The Stafford knot, more commonly known as the Staffordshire knot, is a distinctive three-looped knot that is the traditional symbol of the English county of Staffordshire and of its county town, Stafford. It is a particular representation of the simple overhand knot, the most basic knot of all.
One legend of its origin, generally considered mythical, is that three convicted criminals who had committed a crime together were due to be executed in Stafford gaol. There was argument over who should be hanged first but the hangman solved the problem by devising this knot and hanging the three simultaneously. The knot can be seen on a 4-foot-high (1.2 m) carved Anglo-Saxon cross in a churchyard in Stoke-upon-Trent, giving its name as the Staffordshire Knot and also on a seventh-century Anglo-Saxon object from the Staffordshire hoard. This strongly suggests it pre-dates the Norman and medieval period, being probably either a heraldic symbol of early Mercia or a Celtic Christian symbol brought to Staffordshire by missionary monks from Lindisfarne.
The earliest known appearance of the knot in association with the Stafford family was on the 15th-century seal of Lady Joan de Stafford, Lady Wake (daughter of Hugh de Stafford, 2nd Earl of Stafford), who adapted the Wake knot for her use. The seal, on which four knots appear tied on a string around her coat of arms, is now in the British Museum. After Lady Wake died childless in 1443, her nephew Humphrey de Stafford, 6th Earl of Stafford inherited her personal property. Humphrey, who was made the Duke of Buckingham the following year, incorporated his aunt's adaptation of the Wake knot as a cordon around his seal, although he used three knots and not four.
The knot appears on a drawing of the standard of Sir Henry de Stafford, which was flown circa 1475. In a visitation of Stafford in 1583, the town's arms were recorded for the first time as or a chevron gules, a Stafford knot argent. These arms, which represent the traditional Stafford arms with the addition of the knot, is still the flag of Staffordshire (albeit with the knot changed from white to gold).
Future earls of Stafford retained the knot for use on heraldic badges, although the exact date of use is unknown. Early heraldic badges are poorly recorded, however, and many had multiple badges. In 1720, the Earl of Stafford used 18 badges, including the Stafford knot, all enclosed in a circle of Stafford knots. The design closely matches the early design of the pretzel, which was made to represent arms crossed in prayer. In the 19th century, it became a symbol of Staffordshire pottery. This "Staffordshire knot" was also used as a surgical suture in the 19th century. It was discarded by some as too dangerous, as the knot could slip if not tied correctly, and indeed, its use led to multiple deaths by haemorrhage.
The knot appears prominently on the flag of the historic county of Staffordshire, as well as on the banner of Staffordshire County Council. The motto of the county council — "the knot unites" — refers to the Stafford knot. It also appears on the coat of arms of the Borough of Stafford. The knot appears on the logos of both Staffordshire University and Keele University, as well as on many school badges. Stoke-on-Trent based professional football team Port Vale use the knot on their club badge, as do fellow Staffordshire clubs Chasetown, Hanley Town, Hednesford Town, Lichfield City, Newcastle Town, Tamworth and Stafford Rangers.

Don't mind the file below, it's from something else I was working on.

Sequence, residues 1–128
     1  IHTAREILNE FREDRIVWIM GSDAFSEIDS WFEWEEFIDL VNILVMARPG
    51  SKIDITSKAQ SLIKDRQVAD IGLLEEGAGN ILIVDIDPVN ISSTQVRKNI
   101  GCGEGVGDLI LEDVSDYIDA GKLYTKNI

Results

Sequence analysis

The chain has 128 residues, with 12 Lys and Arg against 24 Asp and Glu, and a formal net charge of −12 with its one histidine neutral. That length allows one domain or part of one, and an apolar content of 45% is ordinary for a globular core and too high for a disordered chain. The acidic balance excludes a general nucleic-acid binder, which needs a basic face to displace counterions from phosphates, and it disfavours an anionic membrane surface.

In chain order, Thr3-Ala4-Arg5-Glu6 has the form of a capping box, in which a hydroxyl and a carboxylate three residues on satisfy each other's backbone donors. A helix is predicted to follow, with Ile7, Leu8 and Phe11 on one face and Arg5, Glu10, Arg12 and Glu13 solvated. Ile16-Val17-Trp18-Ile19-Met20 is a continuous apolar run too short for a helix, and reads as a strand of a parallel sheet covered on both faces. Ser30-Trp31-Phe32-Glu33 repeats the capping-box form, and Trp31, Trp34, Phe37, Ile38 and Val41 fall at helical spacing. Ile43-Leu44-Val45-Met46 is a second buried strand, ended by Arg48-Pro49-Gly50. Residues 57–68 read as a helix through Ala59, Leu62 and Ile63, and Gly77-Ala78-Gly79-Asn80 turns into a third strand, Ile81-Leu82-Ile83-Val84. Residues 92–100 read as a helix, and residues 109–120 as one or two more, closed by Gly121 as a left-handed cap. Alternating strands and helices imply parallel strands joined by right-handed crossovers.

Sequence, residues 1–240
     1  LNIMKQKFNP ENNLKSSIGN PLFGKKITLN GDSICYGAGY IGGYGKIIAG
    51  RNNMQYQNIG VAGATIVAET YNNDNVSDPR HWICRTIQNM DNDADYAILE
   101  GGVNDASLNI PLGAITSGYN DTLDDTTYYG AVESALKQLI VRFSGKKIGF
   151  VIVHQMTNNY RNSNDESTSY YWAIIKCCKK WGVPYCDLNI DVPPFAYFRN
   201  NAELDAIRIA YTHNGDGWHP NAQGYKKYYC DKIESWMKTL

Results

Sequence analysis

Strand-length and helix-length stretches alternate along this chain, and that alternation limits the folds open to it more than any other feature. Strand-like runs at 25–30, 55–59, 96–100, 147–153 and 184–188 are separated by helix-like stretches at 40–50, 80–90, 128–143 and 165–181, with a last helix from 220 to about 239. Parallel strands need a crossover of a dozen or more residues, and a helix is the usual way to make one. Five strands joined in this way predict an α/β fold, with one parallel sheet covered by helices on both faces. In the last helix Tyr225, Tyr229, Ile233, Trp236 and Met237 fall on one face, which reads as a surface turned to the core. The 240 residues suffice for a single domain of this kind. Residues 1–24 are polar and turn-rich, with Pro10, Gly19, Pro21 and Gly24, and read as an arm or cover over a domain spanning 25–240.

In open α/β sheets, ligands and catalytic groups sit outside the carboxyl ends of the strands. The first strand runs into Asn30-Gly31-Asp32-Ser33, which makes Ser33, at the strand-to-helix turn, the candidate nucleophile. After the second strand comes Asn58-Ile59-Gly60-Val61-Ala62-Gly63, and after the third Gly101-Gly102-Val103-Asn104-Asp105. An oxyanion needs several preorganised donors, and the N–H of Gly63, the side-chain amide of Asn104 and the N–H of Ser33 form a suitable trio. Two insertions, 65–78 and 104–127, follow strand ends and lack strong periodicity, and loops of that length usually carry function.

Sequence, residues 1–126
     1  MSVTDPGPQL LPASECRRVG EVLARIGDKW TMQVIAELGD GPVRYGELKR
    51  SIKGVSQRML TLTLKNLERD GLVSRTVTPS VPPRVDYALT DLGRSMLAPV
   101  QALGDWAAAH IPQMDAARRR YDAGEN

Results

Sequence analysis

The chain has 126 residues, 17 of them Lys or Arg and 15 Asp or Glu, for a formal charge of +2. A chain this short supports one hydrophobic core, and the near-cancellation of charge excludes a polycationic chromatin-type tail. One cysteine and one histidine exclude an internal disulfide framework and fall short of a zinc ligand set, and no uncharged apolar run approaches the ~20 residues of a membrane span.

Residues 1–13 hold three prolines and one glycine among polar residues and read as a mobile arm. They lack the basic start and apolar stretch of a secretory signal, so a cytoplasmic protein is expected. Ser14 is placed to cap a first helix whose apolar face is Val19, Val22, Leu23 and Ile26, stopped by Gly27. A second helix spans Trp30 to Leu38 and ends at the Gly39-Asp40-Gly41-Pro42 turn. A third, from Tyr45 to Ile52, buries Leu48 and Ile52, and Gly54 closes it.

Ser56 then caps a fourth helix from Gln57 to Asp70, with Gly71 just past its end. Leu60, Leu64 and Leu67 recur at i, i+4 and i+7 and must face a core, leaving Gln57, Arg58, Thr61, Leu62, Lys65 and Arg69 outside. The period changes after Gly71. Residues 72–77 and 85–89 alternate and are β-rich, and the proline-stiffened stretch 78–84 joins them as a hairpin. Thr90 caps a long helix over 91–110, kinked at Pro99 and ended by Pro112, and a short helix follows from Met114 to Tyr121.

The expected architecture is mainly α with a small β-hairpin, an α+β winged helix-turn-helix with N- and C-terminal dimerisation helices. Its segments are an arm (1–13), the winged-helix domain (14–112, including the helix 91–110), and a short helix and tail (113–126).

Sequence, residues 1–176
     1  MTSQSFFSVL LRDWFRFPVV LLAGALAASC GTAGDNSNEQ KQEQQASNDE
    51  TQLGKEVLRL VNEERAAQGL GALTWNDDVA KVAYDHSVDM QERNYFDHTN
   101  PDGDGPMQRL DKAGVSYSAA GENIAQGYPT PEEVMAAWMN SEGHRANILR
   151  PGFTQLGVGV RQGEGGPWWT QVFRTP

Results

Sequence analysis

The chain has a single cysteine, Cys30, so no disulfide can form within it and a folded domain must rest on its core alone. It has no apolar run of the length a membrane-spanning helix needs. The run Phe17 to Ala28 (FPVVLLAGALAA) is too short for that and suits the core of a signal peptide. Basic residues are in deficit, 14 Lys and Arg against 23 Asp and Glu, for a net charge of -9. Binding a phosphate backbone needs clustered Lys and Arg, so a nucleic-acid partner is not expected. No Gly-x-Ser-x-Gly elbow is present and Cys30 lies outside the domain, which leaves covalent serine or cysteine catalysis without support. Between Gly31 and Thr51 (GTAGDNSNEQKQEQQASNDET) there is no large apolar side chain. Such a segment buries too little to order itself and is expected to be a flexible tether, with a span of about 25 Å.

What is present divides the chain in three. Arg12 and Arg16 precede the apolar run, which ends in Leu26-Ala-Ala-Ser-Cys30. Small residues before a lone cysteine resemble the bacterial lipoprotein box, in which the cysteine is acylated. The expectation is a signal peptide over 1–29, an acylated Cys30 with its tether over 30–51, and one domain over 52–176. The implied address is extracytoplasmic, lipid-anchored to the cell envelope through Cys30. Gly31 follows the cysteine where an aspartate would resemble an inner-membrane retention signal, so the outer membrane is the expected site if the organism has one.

The Stafford knot was the badge of the 38th (1st Staffordshire) Regiment of Foot in which Sir Thomas Brisbane entered the British Army as an Ensign in 1789 – and thus the eponymous city of Brisbane in Queensland, Australia, has the Stafford knot on its arms. The knot formed part of the insignia of the North Staffordshire Regiment, South Staffordshire Regiment, Staffordshire Regiment and currently is the arm badge of the Mercian Regiment. It is also used as the badge of the Staffordshire Police force and Staffordshire fire and rescue service. Staffordshire wing of the Air Training Corps also uses the knot on its crest.
The North Staffordshire Railway, an independent railway company in the county from 1845 until the compulsory grouping of the railways in 1923, was colloquially referred to as The Knotty after the knot. The knot symbol appeared in the railway company's badge. The Smiler, a roller coaster at Alton Towers, has a combined section of track known as the "Stafford/Staffordshire Knot", consisting of a cobra roll entwined with a batwing. It is given this nickname due to the resemblance to the original knot shape.
In an article published in the Birmingham Evening Mail on 1 June 1965, journalist Roy Smith described plans for the Gravelly Hill Interchange as "like a cross between a plate of spaghetti and an unsuccessful attempt at a Staffordshire knot", with the headline above the article on the newspaper's front page, written by sub-editor Alan Eaglesfield, reading "Spaghetti Junction".